On Call An important lesson in conductivity lies in wait for the unwary or downright incompetent. Welcome to another tale from the On Call archives.
Today’s story comes from a Register reader we shall call “Peter” (not his name) and concerns his experience at an electronics company at the turn of the century. The company had been acquired and, as is so often the case, the new owner was getting to grips with what the purchase meant.
“The company had tried to build our PCB test equipment,” Peter told us, “but none of it worked.”
Lengthy phone calls ensued as Peter tried to work out what the problem could be. The test kits were pretty straightforward. One element was a plastic enclosure with protruding test pins. Those made contact with the underside of the PCB for measurement purposes.
It really wasn’t that complicated, and yet even with the designs in hand, and with the brains of their acquisition on tap (or on the phone at least) the new company was struggling. Nothing seemed to be working.
“I was struggling to figure out over the phone how that could be,” said Peter, “so I had them send me one of the pieces of equipment that didn’t work.”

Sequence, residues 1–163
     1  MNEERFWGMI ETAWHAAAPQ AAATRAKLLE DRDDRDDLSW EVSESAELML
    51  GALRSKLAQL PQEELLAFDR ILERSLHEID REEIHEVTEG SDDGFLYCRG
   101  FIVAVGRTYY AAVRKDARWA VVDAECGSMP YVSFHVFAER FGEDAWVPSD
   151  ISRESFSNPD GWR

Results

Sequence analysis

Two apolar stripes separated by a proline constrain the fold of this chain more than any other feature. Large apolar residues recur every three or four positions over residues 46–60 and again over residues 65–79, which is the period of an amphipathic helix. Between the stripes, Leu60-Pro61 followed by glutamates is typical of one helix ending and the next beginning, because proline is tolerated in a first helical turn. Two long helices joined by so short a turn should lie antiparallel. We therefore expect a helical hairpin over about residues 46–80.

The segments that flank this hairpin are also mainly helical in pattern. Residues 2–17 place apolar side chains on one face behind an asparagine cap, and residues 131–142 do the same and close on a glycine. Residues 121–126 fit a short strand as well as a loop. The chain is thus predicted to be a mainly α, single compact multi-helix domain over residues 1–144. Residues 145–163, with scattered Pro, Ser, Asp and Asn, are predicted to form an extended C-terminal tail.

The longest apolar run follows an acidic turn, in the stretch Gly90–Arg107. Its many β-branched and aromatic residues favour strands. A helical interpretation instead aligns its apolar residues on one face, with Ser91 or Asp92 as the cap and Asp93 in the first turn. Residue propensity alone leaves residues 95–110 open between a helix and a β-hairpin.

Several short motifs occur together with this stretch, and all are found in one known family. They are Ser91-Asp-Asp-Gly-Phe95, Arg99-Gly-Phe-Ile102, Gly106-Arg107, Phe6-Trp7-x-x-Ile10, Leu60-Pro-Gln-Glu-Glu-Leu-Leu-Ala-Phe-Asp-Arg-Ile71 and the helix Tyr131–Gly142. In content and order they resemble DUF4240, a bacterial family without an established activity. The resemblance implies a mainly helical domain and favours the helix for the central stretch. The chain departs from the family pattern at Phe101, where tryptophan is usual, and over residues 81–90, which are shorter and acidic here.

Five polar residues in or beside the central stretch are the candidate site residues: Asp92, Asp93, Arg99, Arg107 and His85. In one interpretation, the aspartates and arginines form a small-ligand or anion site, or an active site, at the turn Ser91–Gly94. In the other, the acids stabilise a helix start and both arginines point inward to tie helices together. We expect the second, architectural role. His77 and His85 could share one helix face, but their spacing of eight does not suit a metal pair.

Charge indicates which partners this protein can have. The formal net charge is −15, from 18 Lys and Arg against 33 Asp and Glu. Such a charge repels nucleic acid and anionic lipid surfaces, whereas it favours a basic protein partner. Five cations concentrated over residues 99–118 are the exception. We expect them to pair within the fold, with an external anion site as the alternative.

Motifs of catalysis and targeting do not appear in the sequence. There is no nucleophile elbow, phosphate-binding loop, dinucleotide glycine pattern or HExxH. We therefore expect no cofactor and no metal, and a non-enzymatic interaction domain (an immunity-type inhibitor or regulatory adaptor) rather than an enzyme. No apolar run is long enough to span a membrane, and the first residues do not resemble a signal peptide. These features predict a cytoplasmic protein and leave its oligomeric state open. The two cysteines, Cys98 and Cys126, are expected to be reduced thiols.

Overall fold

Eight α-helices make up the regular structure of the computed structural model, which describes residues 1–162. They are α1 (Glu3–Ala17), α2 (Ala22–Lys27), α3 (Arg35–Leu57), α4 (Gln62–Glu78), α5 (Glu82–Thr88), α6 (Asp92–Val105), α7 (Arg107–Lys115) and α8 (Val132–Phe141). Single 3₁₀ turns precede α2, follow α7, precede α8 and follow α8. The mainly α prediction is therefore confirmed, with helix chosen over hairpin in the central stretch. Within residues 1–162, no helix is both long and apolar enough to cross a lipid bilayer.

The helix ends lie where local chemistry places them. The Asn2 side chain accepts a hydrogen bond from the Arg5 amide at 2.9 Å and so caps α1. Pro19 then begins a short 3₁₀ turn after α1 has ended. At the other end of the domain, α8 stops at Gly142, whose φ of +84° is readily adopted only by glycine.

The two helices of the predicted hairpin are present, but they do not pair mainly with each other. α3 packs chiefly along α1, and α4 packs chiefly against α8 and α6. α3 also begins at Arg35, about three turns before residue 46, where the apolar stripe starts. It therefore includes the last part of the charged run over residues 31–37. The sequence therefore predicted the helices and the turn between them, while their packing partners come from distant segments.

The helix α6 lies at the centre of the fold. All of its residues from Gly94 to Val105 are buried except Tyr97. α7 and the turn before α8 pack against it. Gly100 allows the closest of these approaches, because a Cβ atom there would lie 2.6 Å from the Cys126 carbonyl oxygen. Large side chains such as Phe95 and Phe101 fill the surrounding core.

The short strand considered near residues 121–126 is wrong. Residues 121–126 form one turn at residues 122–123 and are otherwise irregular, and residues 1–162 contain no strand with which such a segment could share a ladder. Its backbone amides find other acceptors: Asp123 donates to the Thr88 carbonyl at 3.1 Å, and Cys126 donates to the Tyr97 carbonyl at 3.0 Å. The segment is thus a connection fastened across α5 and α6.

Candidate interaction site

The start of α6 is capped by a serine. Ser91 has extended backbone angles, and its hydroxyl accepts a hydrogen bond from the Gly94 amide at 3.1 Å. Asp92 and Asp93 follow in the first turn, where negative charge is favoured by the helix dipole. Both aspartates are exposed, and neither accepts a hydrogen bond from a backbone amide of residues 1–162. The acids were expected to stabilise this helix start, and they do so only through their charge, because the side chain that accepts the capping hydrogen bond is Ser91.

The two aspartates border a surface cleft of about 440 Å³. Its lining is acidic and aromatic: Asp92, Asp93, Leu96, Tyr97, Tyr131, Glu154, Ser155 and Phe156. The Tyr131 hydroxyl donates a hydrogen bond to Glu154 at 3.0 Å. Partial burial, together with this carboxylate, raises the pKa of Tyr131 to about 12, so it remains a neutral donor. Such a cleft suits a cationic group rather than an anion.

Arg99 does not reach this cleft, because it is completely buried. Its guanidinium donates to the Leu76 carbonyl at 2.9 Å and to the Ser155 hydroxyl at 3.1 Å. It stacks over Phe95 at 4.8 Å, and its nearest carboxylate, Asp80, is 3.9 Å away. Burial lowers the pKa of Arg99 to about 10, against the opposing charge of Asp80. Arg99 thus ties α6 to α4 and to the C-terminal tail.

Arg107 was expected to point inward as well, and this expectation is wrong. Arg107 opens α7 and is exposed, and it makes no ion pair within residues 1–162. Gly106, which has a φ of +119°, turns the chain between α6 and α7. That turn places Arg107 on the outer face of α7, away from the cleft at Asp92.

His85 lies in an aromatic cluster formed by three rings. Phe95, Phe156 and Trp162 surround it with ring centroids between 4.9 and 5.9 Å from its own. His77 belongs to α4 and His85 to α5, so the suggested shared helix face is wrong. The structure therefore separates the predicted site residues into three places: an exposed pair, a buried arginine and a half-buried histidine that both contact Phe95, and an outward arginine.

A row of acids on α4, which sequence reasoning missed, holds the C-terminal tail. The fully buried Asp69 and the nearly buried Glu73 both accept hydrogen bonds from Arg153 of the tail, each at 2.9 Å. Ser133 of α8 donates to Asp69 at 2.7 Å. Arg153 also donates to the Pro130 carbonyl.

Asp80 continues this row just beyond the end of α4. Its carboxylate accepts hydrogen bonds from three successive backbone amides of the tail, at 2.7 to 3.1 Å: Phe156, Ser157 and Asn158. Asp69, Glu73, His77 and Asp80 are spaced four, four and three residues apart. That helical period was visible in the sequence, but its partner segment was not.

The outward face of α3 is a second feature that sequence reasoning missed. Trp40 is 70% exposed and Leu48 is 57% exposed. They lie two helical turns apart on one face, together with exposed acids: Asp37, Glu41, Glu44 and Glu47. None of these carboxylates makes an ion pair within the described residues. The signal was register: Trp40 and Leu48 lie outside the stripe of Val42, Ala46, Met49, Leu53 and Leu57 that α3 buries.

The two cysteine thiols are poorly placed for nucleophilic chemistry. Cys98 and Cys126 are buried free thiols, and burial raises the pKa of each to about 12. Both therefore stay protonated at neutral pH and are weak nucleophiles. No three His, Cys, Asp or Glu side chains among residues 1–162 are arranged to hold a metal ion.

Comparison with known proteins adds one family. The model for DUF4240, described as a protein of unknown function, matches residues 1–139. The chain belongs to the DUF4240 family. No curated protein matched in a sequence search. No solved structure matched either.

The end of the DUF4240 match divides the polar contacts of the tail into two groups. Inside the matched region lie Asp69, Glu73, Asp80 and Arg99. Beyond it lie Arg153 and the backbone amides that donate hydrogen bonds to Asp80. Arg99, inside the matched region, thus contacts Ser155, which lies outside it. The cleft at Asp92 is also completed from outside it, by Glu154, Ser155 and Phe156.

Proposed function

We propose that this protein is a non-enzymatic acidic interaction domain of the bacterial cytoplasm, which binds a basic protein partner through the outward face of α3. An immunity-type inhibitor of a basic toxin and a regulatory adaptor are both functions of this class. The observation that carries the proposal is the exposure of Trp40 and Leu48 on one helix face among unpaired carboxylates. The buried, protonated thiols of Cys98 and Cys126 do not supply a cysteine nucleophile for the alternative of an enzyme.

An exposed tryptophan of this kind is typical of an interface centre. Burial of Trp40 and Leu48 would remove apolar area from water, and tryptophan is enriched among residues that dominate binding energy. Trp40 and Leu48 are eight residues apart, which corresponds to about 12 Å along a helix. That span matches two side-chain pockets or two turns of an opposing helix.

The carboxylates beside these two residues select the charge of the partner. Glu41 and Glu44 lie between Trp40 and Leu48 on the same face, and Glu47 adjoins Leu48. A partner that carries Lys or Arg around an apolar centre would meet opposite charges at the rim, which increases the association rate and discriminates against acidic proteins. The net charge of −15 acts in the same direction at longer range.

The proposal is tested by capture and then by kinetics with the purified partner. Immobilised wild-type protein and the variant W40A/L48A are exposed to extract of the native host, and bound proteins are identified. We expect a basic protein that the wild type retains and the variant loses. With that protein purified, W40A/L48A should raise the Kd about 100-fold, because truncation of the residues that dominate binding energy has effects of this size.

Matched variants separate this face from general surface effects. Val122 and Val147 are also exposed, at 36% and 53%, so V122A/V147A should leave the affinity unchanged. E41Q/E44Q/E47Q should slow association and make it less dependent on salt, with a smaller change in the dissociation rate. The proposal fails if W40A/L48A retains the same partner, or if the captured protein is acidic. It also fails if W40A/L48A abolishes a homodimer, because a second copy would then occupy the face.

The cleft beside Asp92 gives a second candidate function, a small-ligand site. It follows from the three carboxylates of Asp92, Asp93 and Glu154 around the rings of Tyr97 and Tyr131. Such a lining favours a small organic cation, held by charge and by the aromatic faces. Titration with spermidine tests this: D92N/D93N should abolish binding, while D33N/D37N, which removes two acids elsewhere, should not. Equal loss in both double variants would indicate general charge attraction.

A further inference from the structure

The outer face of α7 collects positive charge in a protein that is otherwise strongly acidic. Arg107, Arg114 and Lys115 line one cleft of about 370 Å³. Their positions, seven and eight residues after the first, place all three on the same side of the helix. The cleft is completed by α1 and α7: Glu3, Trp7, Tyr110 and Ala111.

The parcel duly arrived and, once unpacked, it took the team seconds to identify the problem. Remember the plastic enclosure of the original PCB test equipment? Sadly, the new parent company hadn’t, and had omitted this crucial detail in their lengthy calls with Peter.
Gazing upon the problematic hardware, “me and my colleagues fell about laughing,” said Peter in a tone we doubt was terribly supportive.
“Our parent company had used metal boxes and none of the equipment was working because all the test pins were shorting together via the metal enclosure.”
Sometimes it is the most simple of things that trip one up, and while a company might seem to have all the money in the world at acquisition time, sometimes that excess is balanced by a paucity of common sense.
Ever spent hours on the phone to a customer, only to find their problem turned out to be so obvious that mere audio could not do it justice? Or have you stretched the patience of a fellow engineer to breaking point and beyond before a simple mistake was spotted and fixed? Share your experience with an email to On Call. ®